The Problem of Fake and Useless Drugs
Global health authorities are making only fitful progress toward eliminating fake or substandard drugs that cause widespread suffering and death in the developing world. Delegates from 76 member countries of the World Health Organization met this week in Buenos Aires to lay the groundwork for more forceful action.
No one knows precisely how much fraudulent or substandard medicine is sold around the world, but the fragmentary data are alarming. In poor countries, half of the medicines used to treat some deadly diseases have been found to be fakes that had little or no active ingredient; worse yet, some contained toxic substances.
One estimate by experts is that at least 100,000 people die every year from substandard and fake medicines for cancer, heart disease, infectious diseases and other ailments. Fake malaria drugs pose a real risk of hampering the international effort to curb the disease. In wealthy nations, substandard or fraudulent drugs have caused thousands of adverse reactions and some deaths.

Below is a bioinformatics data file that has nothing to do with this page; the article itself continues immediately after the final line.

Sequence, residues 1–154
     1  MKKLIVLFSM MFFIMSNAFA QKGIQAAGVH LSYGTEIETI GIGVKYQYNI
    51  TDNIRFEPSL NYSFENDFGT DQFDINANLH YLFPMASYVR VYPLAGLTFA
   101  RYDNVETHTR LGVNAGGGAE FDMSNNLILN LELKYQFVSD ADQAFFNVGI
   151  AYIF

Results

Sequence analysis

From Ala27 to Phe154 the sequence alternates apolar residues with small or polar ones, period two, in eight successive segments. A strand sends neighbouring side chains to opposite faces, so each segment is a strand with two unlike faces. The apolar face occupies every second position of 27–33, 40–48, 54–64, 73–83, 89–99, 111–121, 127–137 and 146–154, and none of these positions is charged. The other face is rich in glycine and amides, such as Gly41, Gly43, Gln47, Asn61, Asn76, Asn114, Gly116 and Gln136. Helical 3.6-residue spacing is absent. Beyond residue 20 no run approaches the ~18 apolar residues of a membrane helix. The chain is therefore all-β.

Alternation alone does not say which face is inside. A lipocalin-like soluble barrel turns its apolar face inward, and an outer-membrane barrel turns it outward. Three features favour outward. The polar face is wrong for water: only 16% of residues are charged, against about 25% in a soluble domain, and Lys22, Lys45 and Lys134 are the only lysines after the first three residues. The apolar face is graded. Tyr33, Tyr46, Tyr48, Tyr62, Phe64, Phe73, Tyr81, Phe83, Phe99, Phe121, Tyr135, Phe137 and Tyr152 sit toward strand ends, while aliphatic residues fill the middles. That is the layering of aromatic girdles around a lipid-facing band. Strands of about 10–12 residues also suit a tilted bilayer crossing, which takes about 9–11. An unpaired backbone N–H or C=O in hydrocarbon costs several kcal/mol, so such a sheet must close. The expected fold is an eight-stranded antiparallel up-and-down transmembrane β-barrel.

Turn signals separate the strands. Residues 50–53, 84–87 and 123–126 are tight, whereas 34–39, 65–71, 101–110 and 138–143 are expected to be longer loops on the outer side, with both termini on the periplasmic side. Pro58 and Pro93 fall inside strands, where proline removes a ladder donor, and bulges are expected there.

The United States, despite having a strong regulatory agency, is hardly immune to this problem. In recent years, fake doses of Avastin sold to physician groups for cancer treatment lacked the active ingredient; a weight-loss medicine contained undeclared ingredients that posed a health risk; and compounding pharmacies have produced contaminated drugs that caused meningitis and deaths.
An analysis by health experts published in the British Medical Journal last week lamented the lack of progress in addressing this scourge. The group called for a global treaty backed by governments, drug companies and nongovernmental groups to ensure a safe drug supply.
Crackdowns by international police and national regulatory agencies have made progress in shutting down dangerous online pharmacies. But, in poor countries, the greater problem is keeping bad products out of the supply chain that serves pharmacies and health care provider groups. In Kenya, even Doctors Without Borders, a smart operation, was duped into buying fake antiretroviral drugs to combat AIDS, which it gave to thousands of patients before the fraud was discovered.There is an urgent need for a more vigorous international effort. That might include stronger surveillance and research to determine the extent of the problem, clearer definitions for bad drugs (substandard, counterfeit, falsely labeled, falsified or fraudulent drugs, for example) and new international laws to make it a crime to traffic in such medicines.